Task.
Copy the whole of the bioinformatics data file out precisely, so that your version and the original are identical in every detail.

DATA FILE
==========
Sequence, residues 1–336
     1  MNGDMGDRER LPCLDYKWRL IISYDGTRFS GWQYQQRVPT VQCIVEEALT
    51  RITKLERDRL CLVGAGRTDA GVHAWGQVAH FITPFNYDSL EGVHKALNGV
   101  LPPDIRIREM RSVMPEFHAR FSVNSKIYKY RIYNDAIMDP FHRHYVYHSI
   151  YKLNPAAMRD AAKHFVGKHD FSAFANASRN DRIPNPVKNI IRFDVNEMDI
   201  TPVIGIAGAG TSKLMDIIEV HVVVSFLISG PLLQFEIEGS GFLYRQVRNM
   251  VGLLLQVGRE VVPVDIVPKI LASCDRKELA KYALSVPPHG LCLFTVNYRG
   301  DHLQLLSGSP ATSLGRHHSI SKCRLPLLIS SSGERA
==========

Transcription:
Sequence, residues 1–336
     1  MNGDMGDRER LPCLDYKWRL IISYDGTRFS GWQYQQRVPT VQCIVEEALT
    51  RITKLERDRL CLVGAGRTDA GVHAWGQVAH FITPFNYDSL EGVHKALNGV
   101  LPPDIRIREM RSVMPEFHAR FSVNSKIYKY RIYNDAIMDP FHRHYVYHSI
   151  YKLNPAAMRD AAKHFVGKHD FSAFANASRN DRIPNPVKNI IRFDVNEMDI
   201  TPVIGIAGAG TSKLMDIIEV HVVVSFLISG PLLQFEIEGS GFLYRQVRNM
   251  VGLLLQVGRE VVPVDIVPKI LASCDRKELA KYALSVPPHG LCLFTVNYRG
   301  DHLQLLSGSP ATSLGRHHSI SKCRLPLLIS SSGERA